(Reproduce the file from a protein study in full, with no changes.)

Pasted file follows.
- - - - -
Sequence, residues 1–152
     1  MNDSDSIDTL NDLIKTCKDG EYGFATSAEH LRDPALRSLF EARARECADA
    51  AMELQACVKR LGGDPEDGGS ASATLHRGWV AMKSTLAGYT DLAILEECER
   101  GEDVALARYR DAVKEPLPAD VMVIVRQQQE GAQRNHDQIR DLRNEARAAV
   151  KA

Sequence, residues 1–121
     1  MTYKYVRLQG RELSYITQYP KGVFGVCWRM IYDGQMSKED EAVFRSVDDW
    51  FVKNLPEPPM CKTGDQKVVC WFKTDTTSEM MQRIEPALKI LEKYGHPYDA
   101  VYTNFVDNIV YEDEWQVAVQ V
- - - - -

Sequence, residues 1–152
     1  MNDSDSIDTL NDLIKTCKDG EYGFATSAEH LRDPALRSLF EARARECADA
    51  AMELQACVKR LGGDPEDGGS ASATLHRGWV AMKSTLAGYT DLAILEECER
   101  GEDVALARYR DAVKEPLPAD VMVIVRQQQE GAQRNHDQIR DLRNEARAAV
   151  KA

Sequence, residues 1–121
     1  MTYKYVRLQG RELSYITQYP KGVFGVCWRM IYDGQMSKED EAVFRSVDDW
    51  FVKNLPEPPM CKTGDQKVVC WFKTDTTSEM MQRIEPALKI LEKYGHPYDA
   101  VYTNFVDNIV YEDEWQVAVQ V